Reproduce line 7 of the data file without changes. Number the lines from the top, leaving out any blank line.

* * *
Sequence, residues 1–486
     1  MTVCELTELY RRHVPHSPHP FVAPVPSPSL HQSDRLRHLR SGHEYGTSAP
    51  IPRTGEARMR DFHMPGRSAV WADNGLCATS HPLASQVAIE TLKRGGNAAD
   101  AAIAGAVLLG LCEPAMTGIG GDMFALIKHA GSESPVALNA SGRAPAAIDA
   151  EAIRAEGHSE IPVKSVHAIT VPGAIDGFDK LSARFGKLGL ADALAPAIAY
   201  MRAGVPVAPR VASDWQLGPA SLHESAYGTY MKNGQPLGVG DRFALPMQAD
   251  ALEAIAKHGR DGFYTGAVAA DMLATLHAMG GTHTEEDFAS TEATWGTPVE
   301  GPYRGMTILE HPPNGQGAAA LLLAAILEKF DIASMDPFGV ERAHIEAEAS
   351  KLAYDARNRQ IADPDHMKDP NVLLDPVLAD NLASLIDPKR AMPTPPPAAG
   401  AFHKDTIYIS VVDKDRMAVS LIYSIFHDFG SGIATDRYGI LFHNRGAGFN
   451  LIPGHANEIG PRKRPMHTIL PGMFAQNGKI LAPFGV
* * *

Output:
   251  ALEAIAKHGR DGFYTGAVAA DMLATLHAMG GTHTEEDFAS TEATWGTPVE